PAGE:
A zombie apocalypse is one thing. A volcanic eruption is quite another, for, as the journalist who does a framing voice-over narration for Brooks’ latest puts it, when Mount Rainier popped its cork, “it was the psychological aspect, the hyperbole-fueled hysteria that had ended up killing the most people.” Maybe, but the sasquatches whom the volcano displaced contributed to the statistics, too, if only out of self-defense. Brooks places the epicenter of the Bigfoot war in a high-tech hideaway populated by the kind of people you might find in a Jurassic Park franchise: the schmo who doesn’t know how to do much of anything but tries anyway, the well-intentioned bleeding heart, the know-it-all intellectual who turns out to know the wrong things, the immigrant with a tough backstory and an instinct for survival. Indeed, the novel does double duty as a survival manual, packed full of good advice—for instance, try not to get wounded, for “injury turns you from a giver to a taker. Taking up our resources, our time to care for you.” Brooks presents a case for making room for Bigfoot in the world while peppering his narrative with timely social criticism about bad behavior on the human side of the conflict: The explosion of Rainier might have been better forecast had the president not slashed the budget of the U.S. Geological Survey, leading to “immediate suspension of the National Volcano Early Warning System,” and there’s always someone around looking to monetize the natural disaster and the sasquatch-y onslaught that follows. Brooks is a pro at building suspense even if it plays out in some rather spectacularly yucky episodes, one involving a short spear that takes its name from “the sucking sound of pulling it out of the dead man’s heart and lungs.” Grossness aside, it puts you right there on the scene.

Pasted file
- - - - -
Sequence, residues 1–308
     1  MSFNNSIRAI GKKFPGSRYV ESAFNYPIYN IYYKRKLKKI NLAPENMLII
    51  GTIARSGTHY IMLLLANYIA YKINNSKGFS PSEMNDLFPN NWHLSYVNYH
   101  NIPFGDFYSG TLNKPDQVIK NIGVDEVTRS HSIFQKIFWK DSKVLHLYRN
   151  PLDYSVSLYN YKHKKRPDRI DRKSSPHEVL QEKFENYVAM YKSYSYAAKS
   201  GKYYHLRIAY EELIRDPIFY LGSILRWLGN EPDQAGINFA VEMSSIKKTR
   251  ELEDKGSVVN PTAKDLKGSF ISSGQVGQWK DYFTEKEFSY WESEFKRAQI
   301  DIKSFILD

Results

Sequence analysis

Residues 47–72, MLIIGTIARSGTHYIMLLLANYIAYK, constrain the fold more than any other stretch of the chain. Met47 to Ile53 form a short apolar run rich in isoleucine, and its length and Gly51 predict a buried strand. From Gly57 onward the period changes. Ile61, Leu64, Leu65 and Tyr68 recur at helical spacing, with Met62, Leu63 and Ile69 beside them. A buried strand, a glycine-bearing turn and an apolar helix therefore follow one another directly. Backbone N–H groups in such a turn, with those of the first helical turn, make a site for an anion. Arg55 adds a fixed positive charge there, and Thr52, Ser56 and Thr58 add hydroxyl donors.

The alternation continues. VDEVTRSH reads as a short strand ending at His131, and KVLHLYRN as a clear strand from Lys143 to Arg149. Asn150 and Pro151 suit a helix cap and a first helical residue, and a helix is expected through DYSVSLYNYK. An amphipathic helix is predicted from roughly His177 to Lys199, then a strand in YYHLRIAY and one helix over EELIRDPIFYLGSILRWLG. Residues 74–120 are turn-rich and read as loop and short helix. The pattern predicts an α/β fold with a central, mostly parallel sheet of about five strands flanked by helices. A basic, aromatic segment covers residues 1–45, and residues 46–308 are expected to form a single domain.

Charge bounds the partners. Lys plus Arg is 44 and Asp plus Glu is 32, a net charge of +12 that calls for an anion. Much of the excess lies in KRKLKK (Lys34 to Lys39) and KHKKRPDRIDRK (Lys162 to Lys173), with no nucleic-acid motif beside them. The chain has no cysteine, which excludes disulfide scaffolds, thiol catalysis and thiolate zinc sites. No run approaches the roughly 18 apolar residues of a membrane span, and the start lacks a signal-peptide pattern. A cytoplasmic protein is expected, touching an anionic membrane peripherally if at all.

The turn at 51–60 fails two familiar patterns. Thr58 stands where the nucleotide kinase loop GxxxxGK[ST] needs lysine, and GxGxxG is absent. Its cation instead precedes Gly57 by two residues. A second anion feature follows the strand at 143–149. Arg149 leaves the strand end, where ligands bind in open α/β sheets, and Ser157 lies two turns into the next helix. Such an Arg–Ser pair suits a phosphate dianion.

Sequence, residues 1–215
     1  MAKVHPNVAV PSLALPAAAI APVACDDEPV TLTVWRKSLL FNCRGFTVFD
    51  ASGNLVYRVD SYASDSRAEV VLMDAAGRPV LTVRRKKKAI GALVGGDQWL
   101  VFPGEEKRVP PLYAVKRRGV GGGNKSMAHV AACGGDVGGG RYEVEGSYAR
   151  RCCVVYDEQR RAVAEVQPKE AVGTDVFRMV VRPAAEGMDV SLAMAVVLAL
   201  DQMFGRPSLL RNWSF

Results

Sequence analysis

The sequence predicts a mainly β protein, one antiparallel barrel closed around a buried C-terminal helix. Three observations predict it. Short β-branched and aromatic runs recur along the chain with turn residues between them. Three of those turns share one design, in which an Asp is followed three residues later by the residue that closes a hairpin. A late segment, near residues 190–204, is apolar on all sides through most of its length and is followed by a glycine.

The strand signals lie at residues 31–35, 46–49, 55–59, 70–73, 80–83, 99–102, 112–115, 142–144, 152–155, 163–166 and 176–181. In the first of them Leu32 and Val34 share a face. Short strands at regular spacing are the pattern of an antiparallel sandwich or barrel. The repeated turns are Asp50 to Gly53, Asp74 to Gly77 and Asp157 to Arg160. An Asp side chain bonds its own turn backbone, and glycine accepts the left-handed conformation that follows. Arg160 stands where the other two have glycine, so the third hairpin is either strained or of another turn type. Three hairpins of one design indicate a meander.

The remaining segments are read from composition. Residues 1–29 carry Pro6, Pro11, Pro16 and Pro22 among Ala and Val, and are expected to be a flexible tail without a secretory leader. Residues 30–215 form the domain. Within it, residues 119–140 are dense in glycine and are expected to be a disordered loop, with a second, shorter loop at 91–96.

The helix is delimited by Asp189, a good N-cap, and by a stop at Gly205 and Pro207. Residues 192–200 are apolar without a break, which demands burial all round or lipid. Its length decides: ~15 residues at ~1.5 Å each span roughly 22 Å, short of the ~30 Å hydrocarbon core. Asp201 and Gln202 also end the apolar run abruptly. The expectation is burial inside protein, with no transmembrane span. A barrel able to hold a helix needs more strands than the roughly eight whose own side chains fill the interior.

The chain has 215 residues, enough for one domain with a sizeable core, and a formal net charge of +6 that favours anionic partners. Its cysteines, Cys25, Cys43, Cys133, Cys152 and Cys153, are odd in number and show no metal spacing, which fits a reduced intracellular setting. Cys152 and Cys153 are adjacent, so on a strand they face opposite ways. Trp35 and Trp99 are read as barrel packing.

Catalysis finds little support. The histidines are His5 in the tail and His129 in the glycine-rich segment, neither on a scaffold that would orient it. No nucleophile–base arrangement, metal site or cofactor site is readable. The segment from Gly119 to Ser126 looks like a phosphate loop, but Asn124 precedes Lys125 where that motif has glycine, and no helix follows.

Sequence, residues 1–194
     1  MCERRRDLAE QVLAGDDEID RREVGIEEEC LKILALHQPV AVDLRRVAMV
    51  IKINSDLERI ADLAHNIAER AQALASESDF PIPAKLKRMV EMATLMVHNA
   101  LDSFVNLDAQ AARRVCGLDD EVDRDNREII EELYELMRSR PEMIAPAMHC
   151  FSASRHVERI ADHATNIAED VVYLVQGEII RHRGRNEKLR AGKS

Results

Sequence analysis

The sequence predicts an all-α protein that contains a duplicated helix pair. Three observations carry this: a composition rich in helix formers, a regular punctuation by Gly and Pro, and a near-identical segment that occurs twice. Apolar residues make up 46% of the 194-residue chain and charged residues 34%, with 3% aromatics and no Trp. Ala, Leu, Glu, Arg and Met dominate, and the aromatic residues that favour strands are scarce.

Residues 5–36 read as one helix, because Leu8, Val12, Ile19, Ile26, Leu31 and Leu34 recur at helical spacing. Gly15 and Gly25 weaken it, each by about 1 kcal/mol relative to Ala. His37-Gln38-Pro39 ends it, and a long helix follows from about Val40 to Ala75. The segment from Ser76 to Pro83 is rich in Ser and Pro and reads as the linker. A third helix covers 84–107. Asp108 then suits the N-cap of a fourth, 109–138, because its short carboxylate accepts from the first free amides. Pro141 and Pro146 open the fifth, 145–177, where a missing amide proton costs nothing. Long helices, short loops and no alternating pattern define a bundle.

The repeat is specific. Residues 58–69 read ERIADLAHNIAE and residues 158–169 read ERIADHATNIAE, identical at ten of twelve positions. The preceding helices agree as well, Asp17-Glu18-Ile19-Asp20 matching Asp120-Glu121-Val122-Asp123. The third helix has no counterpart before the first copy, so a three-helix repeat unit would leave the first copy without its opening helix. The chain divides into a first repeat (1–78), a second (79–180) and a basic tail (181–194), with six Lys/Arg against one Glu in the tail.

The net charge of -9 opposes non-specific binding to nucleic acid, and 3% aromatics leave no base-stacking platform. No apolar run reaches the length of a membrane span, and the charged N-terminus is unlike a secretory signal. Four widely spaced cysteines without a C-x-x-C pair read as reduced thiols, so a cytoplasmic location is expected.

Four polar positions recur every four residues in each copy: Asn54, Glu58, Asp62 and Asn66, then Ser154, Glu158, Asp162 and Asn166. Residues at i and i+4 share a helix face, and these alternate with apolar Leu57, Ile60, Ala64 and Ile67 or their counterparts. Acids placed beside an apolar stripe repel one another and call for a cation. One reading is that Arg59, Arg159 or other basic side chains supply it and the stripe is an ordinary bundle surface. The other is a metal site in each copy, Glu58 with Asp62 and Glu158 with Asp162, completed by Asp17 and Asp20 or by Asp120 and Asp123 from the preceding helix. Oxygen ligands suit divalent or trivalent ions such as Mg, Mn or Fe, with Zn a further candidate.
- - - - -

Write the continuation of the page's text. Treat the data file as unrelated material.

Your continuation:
A tasty, if not always tasteful, tale of supernatural mayhem that fans of King and Crichton alike will enjoy.

Pub Date: June 16, 2020

ISBN: 978-1-9848-2678-7

Page Count: 304

Publisher: Del Rey/Ballantine

Review Posted Online: Feb. 10, 2020

Kirkus Reviews Issue: March 1, 2020

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Forget about solving all these crimes; the signal triumph here is (spoiler) the heroine’s survival.


Another sweltering month in Charlotte, another boatload of mysteries past and present for overworked, overstressed forensic anthropologist Temperance Brennan.

A week after the night she chases but fails to catch a mysterious trespasser outside her town house, some unknown party texts Tempe four images of a corpse that looks as if it’s been chewed by wild hogs, because it has been. Showboat Medical Examiner Margot Heavner makes it clear that, breaking with her department’s earlier practice (The Bone Collection, 2016, etc.), she has no intention of calling in Tempe as a consultant and promptly identifies the faceless body herself as that of a young Asian man. Nettled by several errors in Heavner’s analysis, and even more by her willingness to share the gory details at a press conference, Tempe launches her own investigation, which is not so much off the books as against the books. Heavner isn’t exactly mollified when Tempe, aided by retired police detective Skinny Slidell and a host of experts, puts a name to the dead man. But the hints of other crimes Tempe’s identification uncovers, particularly crimes against children, spur her on to redouble her efforts despite the new M.E.’s splenetic outbursts. Before he died, it seems, Felix Vodyanov was linked to a passenger ferry that sank in 1994, an even earlier U.S. government project to research biological agents that could control human behavior, the hinky spiritual retreat Sparkling Waters, the dark web site DeepUnder, and the disappearances of at least four schoolchildren, two of whom have also turned up dead. And why on earth was Vodyanov carrying Tempe’s own contact information? The mounting evidence of ever more and ever worse skulduggery will pull Tempe deeper and deeper down what even she sees as a rabbit hole before she confronts a ringleader implicated in “Drugs. Fraud. Breaking and entering. Arson. Kidnapping. How does attempted murder sound?”

Forget about solving all these crimes; the signal triumph here is (spoiler) the heroine’s survival.

Pub Date: March 17, 2020

ISBN: 978-1-9821-3888-2

Page Count: 352

Publisher: Scribner

Review Posted Online: Dec. 23, 2019

Kirkus Reviews Issue: Jan. 15, 2020